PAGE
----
A former Canadian hacker is back in the limelight – this time, with a documentary preaching cybersecurity, and a top film festival slot. So how did Michael Calce get from there, to here?
Back in 2000 when Calce was 15, he was better known as Mafiaboy. He became infamous for discovering a common weakness in some of the web’s largest sites, including Yahoo!, and using it to bring them to their knees. Law enforcement caught him after he was too vocal on IRC networks, and he spent a long time working his way back from a period of jail time.
Calce had been using computers since he was six years old, when his father bought one home from work. He spent his younger years getting to know his way around his machine, and the online services it connected to. Aged nine, he hacked AOL so that he could stay online past the 30-day free trial period that the service offered.
By 15, his skills had evolved. He was heading up a crew of hackers that he interacted with online, but he wanted to pull off a large stunt. He enlisted the help of another hacker, called ‘Sinkhole’, who had written a denial of service (DoS) attack tool called Slice. Sinkhole agreed to modify the tool, while Calce built out networks of compromised computers that he eventually used to attack a variety of sites.
On Feb 7th 2000, the day he bought down Yahoo!, Calce wasn’t even paying attention. The teen set his tool on a timer and headed to school. While he was there, he knew that it would point his network of compromised machines at the search site, but he assumed that the attack would fail. He simply hoped to learn something in the process. It was only when he got home that afternoon that he realized how successful the software had been. Yahoo! had gone offline.
Calce may have had a colleague create his attack tool for him, but he was no script kiddie. “I always had a good base of knowledge and skills to start with,” says the security consultant, who is entirely self-taught.
Nevertheless, that knowledge didn’t stop him getting caught. After further demonstrating his power by taking down eBay, Amazon, Dell, E*Trade and CNN, RCMP officers working with the FBI apprehended him in a nighttime raid. He served eight months at a halfway house, and the judge restricted his use of computers for two years. That made it impossible for him to pursue a college degree or university course.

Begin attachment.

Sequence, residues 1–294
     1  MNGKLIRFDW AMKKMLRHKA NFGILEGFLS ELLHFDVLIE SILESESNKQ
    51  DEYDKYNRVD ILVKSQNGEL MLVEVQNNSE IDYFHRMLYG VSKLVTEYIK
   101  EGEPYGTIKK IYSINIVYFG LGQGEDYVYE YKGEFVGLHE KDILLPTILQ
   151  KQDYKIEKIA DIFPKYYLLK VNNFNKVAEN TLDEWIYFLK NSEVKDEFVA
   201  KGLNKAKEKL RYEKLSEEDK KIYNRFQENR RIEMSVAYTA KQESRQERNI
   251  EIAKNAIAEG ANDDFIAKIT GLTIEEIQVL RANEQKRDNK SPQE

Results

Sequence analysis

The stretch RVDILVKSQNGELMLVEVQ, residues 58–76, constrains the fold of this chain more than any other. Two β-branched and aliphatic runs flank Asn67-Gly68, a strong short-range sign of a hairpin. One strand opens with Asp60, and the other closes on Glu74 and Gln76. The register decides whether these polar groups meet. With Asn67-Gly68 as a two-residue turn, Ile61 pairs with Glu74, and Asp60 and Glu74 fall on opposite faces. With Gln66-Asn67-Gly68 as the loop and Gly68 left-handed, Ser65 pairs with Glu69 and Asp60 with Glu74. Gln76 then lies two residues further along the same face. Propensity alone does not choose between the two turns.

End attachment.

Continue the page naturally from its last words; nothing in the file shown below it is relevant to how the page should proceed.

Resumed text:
After the restriction was lifted, he focused on refining his knowledge, and started offering his services on a freelance basis. He banged the cybersecurity drum in the early days, using his notoriety as a way to grab attention.
“For the first few years after my release I worked on raising awareness and started using my story as catalyst to make companies and people understand that there was a real threat,” he says.
Nevertheless, it was hard getting his foot in the door. Some companies – particularly in financial services – found his past distasteful and at odds with their values.
“I started slow, not just to establish myself in this industry, but also to rebuild credibility,” he says. “They’re obviously very wary about having a reformed hacker poking around in their networks.”
Most of his early work after getting back online was by word of mouth. He eventually released a book in 2008 and began working with a penetration tester in Canada (whom he will not name). The professional took the young Calce under his wing, and helped him hone his technical skills.
For the past eight years, he has been pen testing on a freelance basis, and finally started his own company, Optimal Secure, 18 months ago. He waited to take that step until he was sure that his technical skills were sharp enough, he says.
Now, the partnership with HP on the movie Rivolta (which was also the name for his Yahoo!-killing hacking tool), is likely to bring him further into the media spotlight. The 20-minute short, which talks about his early exploits and how cybersecurity has changed, airs at HotDocs in late April.
While it may rankle with some in the early days, a little lock down time doesn’t necessary harm a hacker’s long-term career. Famed hacker Kevin Mitnick, incarcerated from 1995 until shortly before Calce went to jail in 2000, was the subject of the movie Freedom Downtime, made by the organizers of 2600 magazine. They also famously supported him with their Free Kevin campaign.
Mitnick has also authored several books, including his own tell-all ‘black hat turned white hat’ bio. He now works as a cybersecurity consultant and speaker.
Some companies may be wary of former black hats, but over time, Calce’s past has helped him from a marketing perspective, he admits, especially now that he has spent more than a decade building his credibility as a pen tester. After all, it must have been instrumental in landing him HP’s help, and a slot at HotDocs, which will in turn give his fledgling company a boost.
Companies have finally learned to trust him. “I don’t think they realized the benefit of being a reformed hacker at that point,” he says, but being able to think like a black hat is vastly underrated.
“Nowadays,” he concludes, “it’s probably the strongest asset that I have.”